113 13th Ave. S., Nampa
Tues.-Fri., 11 a.m.-2 p.m.;
Tues.-Sat., 5-9 p.m.;
Nampa is not known as the hub of fine dining in the Treasure Valley, therefore I approached Copper Canyon restaurant with a slight bit of jaded apprehension. I rightfully had that chip knocked off my shoulder.
Granted, the decor of the popular Nampa eatery had me wondering. Small tables and booths, draped in linen tablecloths, were scattered around the space, but the design elements felt like they came from a pre-fab decorating kit, rather than adding to the atmosphere. The chairs--which were retro cool or just dated--matched the orange-red walls and ceiling, creating the effect of being in a red rock (or copper) canyon.
While the surroundings weren't exactly inspiring, the well executed meals that graced the table forced a major change of opinion.
Our meals started with salad (two tossed and one caesar). The caesar was passable, but I was pleased with the gingery bite of the house Asian vinaigrette and the dried cranberries, almond slivers and pear in the tossed.
I was disappointed to fold back the napkin in the bread basket to discover only a couple of slices of thin baguette rolling around the bottom. But I got over it with a glass of Sawtooth Winery's cabernet ($6.50).
All my questioning ended when the entrees arrived. The braised breast of duck ($18.95) was not only wonderfully tender, but coated in a port wine and sun-dried cherry sauce that made me glad I had chosen the garlic mashed potatoes as a side--all the better to soak up the extra. I soaked each bite of duck in the sweet and slightly tart sauce, turning the white breast meat pink before I could stuff it in my mouth. The thin layer of duck fat lining one side of the breast is probably preferred by true foodies, but it threw me off just a bit. Thankfully, the accompanying seasonal vegetables included both carrots and asparagus, and were crisp without being raw.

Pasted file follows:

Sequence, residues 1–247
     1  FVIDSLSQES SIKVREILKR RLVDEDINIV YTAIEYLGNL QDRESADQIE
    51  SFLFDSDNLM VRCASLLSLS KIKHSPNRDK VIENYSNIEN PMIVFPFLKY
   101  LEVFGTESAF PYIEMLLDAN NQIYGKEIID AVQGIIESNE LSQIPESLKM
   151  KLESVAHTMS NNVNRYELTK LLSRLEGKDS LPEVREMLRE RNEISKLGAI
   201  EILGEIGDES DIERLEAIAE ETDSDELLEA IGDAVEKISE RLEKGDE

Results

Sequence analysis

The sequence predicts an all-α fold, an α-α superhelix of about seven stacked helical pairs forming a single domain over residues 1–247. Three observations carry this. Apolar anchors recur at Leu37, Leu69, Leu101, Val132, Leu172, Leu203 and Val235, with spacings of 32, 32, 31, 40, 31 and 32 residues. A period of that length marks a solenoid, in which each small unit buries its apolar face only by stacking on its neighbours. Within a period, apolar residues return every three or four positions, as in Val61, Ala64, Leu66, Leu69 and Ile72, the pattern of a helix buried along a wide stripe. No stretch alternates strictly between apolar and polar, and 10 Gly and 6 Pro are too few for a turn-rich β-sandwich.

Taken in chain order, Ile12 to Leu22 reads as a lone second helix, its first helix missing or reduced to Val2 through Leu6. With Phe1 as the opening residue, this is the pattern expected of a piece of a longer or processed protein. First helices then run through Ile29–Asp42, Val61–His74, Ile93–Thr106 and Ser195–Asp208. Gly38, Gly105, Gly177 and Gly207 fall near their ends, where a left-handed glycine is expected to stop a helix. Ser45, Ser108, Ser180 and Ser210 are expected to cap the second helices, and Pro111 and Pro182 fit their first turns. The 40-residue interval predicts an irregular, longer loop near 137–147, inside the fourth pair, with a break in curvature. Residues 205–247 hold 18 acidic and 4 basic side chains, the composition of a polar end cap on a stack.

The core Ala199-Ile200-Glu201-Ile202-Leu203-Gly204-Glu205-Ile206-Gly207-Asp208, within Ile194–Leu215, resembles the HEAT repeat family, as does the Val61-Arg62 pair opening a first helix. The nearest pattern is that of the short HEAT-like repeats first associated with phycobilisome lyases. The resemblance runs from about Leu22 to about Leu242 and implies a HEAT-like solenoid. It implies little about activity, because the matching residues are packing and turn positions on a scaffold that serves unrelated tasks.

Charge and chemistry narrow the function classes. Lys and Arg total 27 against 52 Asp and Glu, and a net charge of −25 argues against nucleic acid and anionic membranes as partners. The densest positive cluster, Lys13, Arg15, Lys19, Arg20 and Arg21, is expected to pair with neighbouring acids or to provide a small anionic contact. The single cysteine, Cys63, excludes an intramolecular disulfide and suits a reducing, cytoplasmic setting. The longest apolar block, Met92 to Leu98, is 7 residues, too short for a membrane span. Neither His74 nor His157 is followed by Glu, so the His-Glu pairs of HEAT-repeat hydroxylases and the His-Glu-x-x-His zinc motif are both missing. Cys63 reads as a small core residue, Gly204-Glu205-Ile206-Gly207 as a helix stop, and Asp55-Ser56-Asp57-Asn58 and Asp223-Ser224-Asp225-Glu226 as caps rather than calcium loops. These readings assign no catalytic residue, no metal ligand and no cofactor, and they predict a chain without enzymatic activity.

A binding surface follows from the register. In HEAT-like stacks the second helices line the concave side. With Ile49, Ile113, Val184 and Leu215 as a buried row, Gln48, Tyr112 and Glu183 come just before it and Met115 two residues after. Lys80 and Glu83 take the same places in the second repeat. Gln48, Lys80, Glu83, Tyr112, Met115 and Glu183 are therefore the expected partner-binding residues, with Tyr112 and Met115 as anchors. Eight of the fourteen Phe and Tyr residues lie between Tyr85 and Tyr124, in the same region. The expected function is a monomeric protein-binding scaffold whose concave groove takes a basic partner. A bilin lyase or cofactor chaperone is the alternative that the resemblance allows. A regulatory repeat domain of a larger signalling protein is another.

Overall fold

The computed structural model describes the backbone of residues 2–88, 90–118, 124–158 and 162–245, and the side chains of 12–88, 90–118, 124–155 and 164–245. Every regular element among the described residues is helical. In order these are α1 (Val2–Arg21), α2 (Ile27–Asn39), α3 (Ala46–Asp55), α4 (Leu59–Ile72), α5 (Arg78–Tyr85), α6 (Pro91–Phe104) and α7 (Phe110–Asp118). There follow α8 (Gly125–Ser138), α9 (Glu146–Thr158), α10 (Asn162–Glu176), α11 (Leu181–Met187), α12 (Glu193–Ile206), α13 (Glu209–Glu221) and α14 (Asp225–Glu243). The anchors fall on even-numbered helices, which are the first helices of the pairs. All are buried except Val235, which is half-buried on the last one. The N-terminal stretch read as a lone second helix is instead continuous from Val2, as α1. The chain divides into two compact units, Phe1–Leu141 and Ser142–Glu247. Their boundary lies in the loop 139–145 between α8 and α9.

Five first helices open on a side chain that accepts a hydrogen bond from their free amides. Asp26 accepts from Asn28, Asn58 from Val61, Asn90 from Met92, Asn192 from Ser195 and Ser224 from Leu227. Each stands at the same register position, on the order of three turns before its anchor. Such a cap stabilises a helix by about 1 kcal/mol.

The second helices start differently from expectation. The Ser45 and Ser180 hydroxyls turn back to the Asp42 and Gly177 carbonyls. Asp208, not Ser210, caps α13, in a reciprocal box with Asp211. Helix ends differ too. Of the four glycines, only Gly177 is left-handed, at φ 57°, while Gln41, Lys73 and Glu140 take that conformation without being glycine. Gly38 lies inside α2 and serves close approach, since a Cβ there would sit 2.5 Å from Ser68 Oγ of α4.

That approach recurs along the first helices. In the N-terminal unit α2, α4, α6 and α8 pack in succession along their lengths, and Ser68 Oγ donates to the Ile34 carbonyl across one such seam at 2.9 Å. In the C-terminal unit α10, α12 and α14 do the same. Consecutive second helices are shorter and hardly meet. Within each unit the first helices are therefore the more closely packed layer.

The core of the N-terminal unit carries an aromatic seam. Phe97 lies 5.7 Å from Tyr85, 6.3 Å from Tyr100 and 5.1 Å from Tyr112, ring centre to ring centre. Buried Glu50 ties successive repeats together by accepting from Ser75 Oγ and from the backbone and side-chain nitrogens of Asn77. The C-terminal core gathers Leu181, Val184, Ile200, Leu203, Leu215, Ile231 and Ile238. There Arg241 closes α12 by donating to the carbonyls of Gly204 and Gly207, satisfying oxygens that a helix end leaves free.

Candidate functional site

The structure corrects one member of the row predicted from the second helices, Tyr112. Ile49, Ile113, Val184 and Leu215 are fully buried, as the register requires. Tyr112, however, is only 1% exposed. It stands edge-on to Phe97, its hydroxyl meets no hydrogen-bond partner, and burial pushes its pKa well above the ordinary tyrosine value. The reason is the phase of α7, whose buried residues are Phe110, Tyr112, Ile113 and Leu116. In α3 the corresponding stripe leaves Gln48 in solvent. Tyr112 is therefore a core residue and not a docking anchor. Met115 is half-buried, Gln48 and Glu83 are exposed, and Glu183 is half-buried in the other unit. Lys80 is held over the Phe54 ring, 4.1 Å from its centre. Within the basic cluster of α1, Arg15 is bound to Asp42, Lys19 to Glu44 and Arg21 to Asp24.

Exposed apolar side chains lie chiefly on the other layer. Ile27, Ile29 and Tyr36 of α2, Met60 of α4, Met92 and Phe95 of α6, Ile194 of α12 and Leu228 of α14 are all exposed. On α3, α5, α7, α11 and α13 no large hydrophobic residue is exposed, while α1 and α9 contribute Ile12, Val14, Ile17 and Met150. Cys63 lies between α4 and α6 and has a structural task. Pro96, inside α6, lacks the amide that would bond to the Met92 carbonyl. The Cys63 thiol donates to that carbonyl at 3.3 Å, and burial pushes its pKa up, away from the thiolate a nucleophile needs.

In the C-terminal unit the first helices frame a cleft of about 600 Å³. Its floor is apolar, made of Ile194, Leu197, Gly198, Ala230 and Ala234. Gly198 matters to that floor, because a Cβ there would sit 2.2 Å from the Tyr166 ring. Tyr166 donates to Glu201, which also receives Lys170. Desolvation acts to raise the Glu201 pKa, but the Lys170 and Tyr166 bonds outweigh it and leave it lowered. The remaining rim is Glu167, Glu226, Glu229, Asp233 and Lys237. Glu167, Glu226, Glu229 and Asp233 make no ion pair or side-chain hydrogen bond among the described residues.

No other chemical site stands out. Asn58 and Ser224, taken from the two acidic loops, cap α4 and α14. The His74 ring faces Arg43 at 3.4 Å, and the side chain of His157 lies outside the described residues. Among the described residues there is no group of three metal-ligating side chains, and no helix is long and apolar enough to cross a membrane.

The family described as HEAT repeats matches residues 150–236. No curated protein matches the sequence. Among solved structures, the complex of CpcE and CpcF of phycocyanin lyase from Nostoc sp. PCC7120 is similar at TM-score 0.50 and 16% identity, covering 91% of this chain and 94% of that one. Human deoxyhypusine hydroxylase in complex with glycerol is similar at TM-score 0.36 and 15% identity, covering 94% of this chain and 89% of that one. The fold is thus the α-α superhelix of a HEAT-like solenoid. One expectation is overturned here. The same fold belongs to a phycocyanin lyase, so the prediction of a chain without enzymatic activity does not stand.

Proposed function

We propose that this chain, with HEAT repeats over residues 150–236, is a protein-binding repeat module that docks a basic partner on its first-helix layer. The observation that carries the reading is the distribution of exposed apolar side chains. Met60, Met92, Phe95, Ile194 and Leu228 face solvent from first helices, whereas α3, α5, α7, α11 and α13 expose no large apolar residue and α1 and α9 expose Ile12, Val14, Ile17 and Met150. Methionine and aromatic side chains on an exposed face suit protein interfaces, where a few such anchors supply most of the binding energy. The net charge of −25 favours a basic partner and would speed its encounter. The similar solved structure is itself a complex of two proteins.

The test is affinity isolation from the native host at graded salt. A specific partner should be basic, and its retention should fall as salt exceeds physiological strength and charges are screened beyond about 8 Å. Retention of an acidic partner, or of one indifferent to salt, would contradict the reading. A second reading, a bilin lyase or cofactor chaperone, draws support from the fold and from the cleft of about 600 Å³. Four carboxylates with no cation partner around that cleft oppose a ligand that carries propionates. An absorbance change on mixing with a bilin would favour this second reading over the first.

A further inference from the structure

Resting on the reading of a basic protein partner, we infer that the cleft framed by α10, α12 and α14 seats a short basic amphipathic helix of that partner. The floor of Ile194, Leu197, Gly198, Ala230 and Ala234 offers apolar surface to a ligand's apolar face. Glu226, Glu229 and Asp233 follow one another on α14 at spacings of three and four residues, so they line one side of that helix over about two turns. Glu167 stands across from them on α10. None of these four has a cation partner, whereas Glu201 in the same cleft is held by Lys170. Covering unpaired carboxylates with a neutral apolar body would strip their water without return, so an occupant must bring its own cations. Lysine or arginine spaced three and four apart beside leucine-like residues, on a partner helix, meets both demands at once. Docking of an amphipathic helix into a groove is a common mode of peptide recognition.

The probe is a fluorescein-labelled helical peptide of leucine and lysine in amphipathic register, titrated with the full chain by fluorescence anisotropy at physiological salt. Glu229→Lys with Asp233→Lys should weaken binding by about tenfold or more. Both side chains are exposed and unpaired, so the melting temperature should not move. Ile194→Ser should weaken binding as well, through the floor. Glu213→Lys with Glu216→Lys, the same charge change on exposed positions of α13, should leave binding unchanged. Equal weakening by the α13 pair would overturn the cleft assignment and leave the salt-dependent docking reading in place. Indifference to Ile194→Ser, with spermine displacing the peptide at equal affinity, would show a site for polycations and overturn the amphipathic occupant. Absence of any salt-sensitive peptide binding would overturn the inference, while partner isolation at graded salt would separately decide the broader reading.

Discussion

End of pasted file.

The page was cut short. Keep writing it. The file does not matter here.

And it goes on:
Dinner conversation devolved into forks being passed between diners as we sampled each other's dishes. The Five Spice Pork Tenderloin ($12.95 for a 5-ounce portion) was marinated in ginger honey, but the rich, earthy sauce had touches of pepper and citrus that made it a big favorite. The chicken marsala ($12.95 for a 5-ounce portion) had a substantial, creamy wine sauce, and the breading on the chicken was thin, yet remained just lightly crisp despite the sauce.
The option to have the smaller 5-ounce portion was a nice inclusion, not only for the cost-savings, but for those of us who don't like being intimidated by the size of our food. It also left room for the most important part of the meal: dessert.
The molten lava cake ($5.95) was completely decadent, piping hot and had a healthy dollop of fresh whipped cream. It quickly disappeared beneath battling utensils.
After my experience at Copper Canyon, I'll have to remember to check my food ego at the county line.
--Deanna Darr prefers duck, duck to goose.